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Wake Forest was active on the graduate transfer market Tuesday, picking up two kickers to add to its 2018 roster.

The Deacons announced Darren Ford as a transfer from Division III Hope College in Michigan and Eric Osteen from Army.

Ford connected on 25-of-38 field goals and 99 PATs at Hope while also averaging 40 yards per punt over the past two seasons. He also handled kickoffs for the past three seasons at Hope.

Osteen is a rare case; he graduated from Army back in 2013 and recently completed a 5-year tour of duty in the U.S. Army. He will kick for Wake Forest while pursuing an MBA. He was the Black Knights’ kickoff specialist in his former career, totaling 40 touchbacks in 110 kickoffs from 2011-12. He recorded five kickoffs in six tries during Army’s 2012 game against Wake Forest.

Ford and Osteen figure to slide into starting roles for the Deacons’ 2018 squad. Mike Weaver, a senior, handled place-kicking and kickoff duties for Wake Forest a season ago. He made 21-of-25 field goals and 52-of-56 extra points and posted 33 touchbacks in 83 total kickoffs.

WATCH: Netflix releases “Last Chance U.” trailer

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Netflix’s smash hit “Last Chance U.” is back next month for its third season, but in a way it’ll be its first. After following East Mississippi Community College and its firebrand head coach Buddy Stephens for two seasons, college football’s answer to Amazon’s “All or Nothing” has moved to a new subject. After considering a number of schools, “Last Chance U.” will follow Independence Community College in Independence, Kansas, coached by Jason Brown, for its third season.

“Last Chance U.” will follow the Pirates as they navigate the entire 2017 season, which concluded with a 9-2 record, a Kansas Jayhawk Community College Conference championship and a win over Northeastern Oklahoma A&M in the Midwest Bowl.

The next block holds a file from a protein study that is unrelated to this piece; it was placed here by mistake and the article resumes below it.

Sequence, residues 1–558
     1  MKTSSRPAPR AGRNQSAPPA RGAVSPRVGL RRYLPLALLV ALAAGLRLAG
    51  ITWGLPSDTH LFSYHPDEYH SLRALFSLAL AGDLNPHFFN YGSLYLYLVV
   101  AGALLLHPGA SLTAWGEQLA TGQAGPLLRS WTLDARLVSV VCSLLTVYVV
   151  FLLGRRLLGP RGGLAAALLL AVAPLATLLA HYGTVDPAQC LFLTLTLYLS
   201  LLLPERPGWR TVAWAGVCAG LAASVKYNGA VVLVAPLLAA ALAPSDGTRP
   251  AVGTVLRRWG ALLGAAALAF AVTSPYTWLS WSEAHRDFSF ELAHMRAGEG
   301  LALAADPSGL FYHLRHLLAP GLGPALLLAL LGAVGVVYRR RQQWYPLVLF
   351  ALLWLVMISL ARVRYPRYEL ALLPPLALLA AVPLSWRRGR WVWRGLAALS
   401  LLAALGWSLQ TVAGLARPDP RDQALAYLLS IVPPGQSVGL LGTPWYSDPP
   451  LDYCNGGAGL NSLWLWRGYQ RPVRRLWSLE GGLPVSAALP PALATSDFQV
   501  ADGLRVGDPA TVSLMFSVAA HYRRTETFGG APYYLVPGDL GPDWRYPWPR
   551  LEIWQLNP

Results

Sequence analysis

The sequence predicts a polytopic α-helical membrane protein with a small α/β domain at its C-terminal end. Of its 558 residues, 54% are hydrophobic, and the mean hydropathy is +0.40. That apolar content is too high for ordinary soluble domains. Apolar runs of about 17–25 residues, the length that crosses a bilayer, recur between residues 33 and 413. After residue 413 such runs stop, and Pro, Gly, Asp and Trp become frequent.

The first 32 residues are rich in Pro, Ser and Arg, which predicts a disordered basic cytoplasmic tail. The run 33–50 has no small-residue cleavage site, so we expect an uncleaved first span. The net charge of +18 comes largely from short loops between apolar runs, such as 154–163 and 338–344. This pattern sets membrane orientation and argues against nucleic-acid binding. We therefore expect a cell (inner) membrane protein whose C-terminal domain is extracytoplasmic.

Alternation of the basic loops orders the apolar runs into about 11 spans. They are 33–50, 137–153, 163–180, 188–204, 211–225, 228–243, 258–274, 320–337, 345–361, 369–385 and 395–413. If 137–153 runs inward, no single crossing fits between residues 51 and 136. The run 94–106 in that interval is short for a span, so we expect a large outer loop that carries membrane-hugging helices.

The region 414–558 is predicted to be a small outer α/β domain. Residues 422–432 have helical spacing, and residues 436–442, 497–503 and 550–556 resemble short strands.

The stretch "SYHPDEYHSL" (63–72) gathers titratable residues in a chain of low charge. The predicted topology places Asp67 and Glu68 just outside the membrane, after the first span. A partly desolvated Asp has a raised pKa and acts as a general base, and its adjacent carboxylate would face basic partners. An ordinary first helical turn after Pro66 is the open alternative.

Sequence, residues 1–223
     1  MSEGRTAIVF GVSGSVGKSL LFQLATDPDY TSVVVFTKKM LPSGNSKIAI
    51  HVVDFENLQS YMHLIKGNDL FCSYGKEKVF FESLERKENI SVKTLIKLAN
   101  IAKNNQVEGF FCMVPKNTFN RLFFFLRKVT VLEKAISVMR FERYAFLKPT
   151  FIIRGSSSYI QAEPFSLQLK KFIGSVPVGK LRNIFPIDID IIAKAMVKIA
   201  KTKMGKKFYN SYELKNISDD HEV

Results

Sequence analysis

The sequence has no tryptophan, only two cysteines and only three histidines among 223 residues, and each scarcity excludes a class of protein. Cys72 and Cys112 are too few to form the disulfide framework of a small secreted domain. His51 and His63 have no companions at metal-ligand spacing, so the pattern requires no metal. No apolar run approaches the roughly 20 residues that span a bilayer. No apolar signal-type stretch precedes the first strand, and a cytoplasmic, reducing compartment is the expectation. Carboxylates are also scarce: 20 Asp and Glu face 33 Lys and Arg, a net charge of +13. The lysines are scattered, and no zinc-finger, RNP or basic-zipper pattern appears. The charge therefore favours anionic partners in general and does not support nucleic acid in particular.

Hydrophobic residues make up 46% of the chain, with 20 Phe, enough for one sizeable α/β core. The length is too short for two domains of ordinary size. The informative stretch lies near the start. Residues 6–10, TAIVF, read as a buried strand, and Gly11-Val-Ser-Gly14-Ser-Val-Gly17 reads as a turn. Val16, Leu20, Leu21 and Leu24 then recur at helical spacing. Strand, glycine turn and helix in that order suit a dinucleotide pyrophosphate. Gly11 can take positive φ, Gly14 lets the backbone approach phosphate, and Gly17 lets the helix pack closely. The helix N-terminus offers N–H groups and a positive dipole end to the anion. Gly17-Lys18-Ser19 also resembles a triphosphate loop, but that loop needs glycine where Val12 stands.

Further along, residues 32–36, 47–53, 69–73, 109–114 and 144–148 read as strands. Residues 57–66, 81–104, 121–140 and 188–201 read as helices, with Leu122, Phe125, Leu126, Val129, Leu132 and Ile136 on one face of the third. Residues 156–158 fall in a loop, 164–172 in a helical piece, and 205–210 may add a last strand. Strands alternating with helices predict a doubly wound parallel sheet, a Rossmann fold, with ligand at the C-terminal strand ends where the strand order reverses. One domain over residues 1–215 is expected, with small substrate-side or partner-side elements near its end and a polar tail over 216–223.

The new season premiers July 20.

FCS team suspends head coach amid probe into ‘alleged violations of university policy’

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We don’t normally do much with the FCS level of football here at CFT; when we do, though, it normally doesn’t trend toward the positive.

Such is the case in this instance, with Stephen F. Austin announcing Monday night that head coach Clint Conque has been suspended.  In its statement, the university wrote that the suspension is “pending an investigation into alleged violations of university policy.”

The alleged violations weren’t detailed.

“The investigation is expected to take several weeks,” the school’s statement read, in part. “No comments will be made by the university until the investigation is complete.”

The Magnolia Reporter wrote that “Conque’s suspension comes two weeks after SFA appointed Ryan Ivey as the new director of Athletics – a position he is set to officially assume on July 1.”

Conque has been the head coach at SFA the past four seasons.  In that span, he went 21-25 overall and 17-18 in Southland Conference play.  Since going 8-5 and qualifying for the FCS playoffs his first season, the football program has gone 4-7, 5-5, 4-7 the last three years.

Prior to that, Conque was the head coach at Central Arkansas from 2000-13, with the last seven of those years spent in the Southland Conference.  During his time with the Bears, he went 105-59.

In a statement released by that university in July of 2010, prior to the start of his 11th season with that FCS team, Conque admitted to what he described as “an inappropriate relationship” that stemmed from “some poor personal decisions.”

During a period of time in my life I made some poor personal decisions. I had an inappropriate relationship in the past that I regret and these mistakes and missteps have hurt the ones that I love the most. While we have been dealing with these issues privately, I regret that we must now deal with this in a public manner.

“I take sole and complete responsibility for my actions as my family and I continue the process of healing and rebuilding. I want to once again sincerely apologize first to my family, also to the university community, the administration, the university’s athletic staff, and to our football staff and team. I will emerge from this a better man, husband, father and coach. I appreciate the support that I have received from the Board of Trustees, President (Allen) Meadors, (Athletic Director) Dr. (Brad) Teague, and the university during this extremely difficult time.

“I would genuinely appreciate everyone extending Angele and my three sons the privacy and compassion needed to move forward in our personal lives. I look forward to the 2010 football season and the beginning of fall practice.

Conque remained on as the head coach at Central Arkansas for four more seasons, going 32-16 in that post-admission span and qualifying for the FCS playoffs twice for good measure.